Posted On: 2020-03-16
When developing, I sometimes find myself getting into a groove: quickly solving every problem that comes my way and generally making very good time in implementing a particular task. Whenever I realize this is happening, I will make an effort to schedule two specific, highly important details into my work for that day:
Taken together, these two can lead to some seemingly odd behavior, such as working straight through regular lunch hours, only to suddenly stop and take lunch as my peers are packing up to go home. It can also impede scheduling time with others (such as lunch or dinner plans), as it can be hard to predict whether I will be working straight through a regularly scheduled break on any given day. Nonetheless, I have found that diligently adhering to these two items, together, is the best for both my productivity and the quality of my work.
On the face of it, there might not seem to be anything particularly odd about trying to stay focused for as long as one can. One might reason: "if I'm highly productive right now, I should try to stay that way." One might even take that intuition to an absurd extreme by assuming anything less that complete focus is a productivity failing*. Yet both those ways of thinking overvalue the productive time, and fundamentally miss the benefits associated with the breaks themselves.
While it is true that being able to stay focused is nice (it sure beats being distracted), the main reason I let it drive my schedule is all about timing the break itself. Breaks are a precious resource when programming*: time away from the task can inspire a new perspective or help one solve seemingly intractable problems. A well-spent break can re-energize the mind, helping one stay optimistic about one's possibility for success**. Above all, a break is an opportunity for the mind to clear out its otherwise cluttered short-term memory (the "RAM" of the mind, if you will); all the little details and nuances of the code that one must constantly juggle while working can be safely forgotten.
After a break, one will return to the code as a stranger* - what works and what doesn't won't be immediately obvious, and one must spend time refreshing oneself on all the little details that control its behavior. Importantly, this makes it possible to catch bugs and possible improvements that one might have overlooked, since one assumed they were working correctly. Suddenly, something that seemed "done" will now appear flawed - giving one the opportunity to revise and polish up things that one hadn't even seen before. In this way, adding a break to one's coding habits makes it possible to achieve a higher quality of code than one might otherwise have.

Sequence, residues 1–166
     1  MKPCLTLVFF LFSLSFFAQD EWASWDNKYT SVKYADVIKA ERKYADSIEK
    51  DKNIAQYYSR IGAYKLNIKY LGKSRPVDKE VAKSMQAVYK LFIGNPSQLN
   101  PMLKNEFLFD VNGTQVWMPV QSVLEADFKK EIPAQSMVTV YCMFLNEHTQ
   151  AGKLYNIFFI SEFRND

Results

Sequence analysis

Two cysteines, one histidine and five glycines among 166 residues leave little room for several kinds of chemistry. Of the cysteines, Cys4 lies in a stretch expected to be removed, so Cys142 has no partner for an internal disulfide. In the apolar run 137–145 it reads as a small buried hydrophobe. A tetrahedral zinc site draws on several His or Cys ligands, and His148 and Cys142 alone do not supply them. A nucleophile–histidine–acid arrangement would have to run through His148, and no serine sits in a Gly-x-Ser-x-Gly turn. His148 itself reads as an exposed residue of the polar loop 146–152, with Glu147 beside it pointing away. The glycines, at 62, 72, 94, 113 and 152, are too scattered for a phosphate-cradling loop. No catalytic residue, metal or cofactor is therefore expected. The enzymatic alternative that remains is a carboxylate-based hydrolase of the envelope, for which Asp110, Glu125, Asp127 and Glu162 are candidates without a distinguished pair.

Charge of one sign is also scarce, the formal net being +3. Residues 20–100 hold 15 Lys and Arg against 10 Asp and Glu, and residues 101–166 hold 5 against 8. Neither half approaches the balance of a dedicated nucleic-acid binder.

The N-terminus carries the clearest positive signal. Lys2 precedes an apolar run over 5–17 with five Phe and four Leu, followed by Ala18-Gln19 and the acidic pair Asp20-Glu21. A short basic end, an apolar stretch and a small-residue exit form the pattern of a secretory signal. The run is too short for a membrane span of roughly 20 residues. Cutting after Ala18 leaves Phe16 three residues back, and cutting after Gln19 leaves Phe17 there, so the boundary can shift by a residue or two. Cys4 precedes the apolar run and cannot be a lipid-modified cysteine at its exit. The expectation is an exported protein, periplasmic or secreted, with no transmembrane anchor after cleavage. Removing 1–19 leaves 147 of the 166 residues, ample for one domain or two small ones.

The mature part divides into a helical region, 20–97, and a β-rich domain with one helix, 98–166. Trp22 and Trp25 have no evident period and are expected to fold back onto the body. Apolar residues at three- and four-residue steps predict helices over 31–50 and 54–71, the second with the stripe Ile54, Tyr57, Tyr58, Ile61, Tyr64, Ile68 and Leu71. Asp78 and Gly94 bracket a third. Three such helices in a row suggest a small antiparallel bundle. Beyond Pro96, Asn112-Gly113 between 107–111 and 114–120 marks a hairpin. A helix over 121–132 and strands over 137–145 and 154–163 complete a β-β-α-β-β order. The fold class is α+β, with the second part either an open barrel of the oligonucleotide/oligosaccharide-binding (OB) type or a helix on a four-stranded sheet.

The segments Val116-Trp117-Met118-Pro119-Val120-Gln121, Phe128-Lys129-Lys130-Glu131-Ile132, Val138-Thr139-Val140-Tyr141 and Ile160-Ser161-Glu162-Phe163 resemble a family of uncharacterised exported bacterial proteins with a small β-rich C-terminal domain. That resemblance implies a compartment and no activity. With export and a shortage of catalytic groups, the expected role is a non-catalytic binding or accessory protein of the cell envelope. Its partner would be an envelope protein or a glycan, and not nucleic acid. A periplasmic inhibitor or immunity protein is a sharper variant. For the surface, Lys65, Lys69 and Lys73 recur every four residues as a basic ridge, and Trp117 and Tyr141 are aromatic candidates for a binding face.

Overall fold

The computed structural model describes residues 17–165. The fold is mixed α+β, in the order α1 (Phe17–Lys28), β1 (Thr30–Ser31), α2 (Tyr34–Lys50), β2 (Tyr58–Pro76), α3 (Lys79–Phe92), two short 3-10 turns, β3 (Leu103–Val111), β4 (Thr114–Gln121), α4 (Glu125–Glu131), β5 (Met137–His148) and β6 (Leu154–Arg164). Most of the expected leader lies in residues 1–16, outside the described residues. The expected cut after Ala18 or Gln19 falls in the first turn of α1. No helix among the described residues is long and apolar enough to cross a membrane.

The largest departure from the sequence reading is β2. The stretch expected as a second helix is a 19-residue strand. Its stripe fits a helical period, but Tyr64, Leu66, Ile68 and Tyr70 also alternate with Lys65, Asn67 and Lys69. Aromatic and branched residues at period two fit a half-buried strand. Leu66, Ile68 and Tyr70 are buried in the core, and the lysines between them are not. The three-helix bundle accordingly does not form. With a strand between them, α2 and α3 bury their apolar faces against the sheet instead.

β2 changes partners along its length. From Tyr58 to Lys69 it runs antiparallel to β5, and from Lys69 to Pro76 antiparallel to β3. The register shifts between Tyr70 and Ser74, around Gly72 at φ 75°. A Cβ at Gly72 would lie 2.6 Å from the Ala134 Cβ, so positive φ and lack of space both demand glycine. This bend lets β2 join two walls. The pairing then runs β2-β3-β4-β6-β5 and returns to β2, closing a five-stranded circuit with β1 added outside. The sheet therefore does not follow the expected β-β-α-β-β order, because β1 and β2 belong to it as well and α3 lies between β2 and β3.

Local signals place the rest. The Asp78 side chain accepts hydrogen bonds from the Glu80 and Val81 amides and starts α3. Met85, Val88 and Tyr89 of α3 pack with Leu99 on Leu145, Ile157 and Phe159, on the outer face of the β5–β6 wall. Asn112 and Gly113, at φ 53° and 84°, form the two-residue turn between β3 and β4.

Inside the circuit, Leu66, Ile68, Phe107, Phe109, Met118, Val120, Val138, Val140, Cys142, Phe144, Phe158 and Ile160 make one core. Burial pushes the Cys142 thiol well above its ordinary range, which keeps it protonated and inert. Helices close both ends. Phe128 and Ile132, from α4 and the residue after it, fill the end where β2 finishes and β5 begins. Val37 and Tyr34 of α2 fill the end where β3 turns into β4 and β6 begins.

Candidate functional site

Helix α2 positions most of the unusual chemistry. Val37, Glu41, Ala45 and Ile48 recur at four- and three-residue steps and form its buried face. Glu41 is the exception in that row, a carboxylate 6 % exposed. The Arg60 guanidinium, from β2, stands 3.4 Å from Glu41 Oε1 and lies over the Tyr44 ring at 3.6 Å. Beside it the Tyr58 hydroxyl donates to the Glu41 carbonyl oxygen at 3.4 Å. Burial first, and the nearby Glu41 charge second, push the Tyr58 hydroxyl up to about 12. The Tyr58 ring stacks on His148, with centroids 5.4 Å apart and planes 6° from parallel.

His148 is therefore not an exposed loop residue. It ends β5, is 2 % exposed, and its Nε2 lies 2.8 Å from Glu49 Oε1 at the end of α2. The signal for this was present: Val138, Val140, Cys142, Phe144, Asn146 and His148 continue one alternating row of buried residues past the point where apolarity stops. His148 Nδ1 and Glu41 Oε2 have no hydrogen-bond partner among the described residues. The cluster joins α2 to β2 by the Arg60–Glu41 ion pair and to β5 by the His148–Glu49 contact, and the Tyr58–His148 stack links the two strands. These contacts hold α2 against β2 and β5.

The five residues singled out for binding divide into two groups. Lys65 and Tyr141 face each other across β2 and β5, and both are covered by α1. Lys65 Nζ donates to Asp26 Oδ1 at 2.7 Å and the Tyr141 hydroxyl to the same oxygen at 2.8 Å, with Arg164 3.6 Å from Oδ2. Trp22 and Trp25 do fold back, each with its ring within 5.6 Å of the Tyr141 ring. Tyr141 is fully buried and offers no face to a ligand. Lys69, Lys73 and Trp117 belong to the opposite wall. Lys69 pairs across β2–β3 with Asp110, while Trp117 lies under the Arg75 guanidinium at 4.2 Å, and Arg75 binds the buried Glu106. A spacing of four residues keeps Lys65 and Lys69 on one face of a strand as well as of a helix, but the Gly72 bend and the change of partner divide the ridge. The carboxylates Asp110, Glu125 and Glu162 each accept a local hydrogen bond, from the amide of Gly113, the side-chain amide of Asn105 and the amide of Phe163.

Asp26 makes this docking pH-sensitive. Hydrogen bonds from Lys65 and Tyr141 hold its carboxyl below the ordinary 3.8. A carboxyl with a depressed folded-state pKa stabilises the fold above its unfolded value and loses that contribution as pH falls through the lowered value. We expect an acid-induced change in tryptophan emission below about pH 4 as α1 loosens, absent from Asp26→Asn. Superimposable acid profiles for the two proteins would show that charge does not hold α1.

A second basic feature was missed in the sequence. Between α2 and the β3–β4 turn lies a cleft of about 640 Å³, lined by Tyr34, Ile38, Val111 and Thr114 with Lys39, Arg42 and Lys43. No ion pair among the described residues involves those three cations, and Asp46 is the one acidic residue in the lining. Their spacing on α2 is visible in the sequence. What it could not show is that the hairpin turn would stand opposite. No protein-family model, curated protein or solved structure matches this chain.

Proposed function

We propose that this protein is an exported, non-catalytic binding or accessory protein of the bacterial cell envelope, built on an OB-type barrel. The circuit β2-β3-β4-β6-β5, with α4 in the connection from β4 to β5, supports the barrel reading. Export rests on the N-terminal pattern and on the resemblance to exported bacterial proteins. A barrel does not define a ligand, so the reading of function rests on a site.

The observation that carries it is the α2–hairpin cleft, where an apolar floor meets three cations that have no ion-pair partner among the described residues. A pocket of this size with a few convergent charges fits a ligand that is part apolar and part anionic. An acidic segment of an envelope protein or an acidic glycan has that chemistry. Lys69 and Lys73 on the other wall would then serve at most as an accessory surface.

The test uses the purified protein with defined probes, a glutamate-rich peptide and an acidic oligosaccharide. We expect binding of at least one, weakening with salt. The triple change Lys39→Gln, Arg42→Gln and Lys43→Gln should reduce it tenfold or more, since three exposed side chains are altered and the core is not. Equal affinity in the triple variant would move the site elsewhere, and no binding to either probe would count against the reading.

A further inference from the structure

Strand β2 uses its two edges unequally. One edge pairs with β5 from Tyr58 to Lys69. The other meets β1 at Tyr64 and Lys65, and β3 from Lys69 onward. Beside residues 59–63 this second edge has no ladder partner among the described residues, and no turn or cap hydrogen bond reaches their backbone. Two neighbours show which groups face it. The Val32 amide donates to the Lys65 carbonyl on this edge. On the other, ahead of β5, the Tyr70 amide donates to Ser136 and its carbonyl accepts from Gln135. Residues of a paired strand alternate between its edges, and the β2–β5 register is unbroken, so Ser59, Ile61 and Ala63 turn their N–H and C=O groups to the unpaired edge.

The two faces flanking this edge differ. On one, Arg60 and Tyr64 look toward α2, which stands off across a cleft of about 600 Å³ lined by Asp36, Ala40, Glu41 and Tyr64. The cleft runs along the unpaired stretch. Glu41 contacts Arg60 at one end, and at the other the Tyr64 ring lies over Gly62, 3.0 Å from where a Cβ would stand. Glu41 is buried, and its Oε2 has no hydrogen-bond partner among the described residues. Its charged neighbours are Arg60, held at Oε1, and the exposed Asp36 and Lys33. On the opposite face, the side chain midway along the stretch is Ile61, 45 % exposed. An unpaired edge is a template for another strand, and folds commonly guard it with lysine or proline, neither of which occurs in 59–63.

If one incorrectly times a break, all the benefits can be converted into significant penalties. Code that is misbehaving or not compiling can be difficult enough to debug when one is intimately familiar with it, but it is much worse if one is unfamiliar. Likewise, code that is technically working but incomplete is simple to extend while one is familiar with it, whereas it will take a stranger time to get up to speed before making changes. Finally, any small flaws or unrelated bugs that one might discover as a result of gaining a fresh perspective are distracting when one is only partway through a task: rather than being able to be immediately investigated and resolved, such items need to be set aside and saved for later*.
Nothing beats a well-timed break - not just for morale, but for productivity and code quality. Getting a lot done in a short amount of time is useful, sure, but following it up with time spent revising that code to make it really shine is invaluable. In my experience, virtually all code needs to be revised before committing it to the project (many teams have mandatory code reviews to accomplish this.) Effectively timing a break can be a massive help for accelerating the revision process - and one of the few tools available for developers working solo.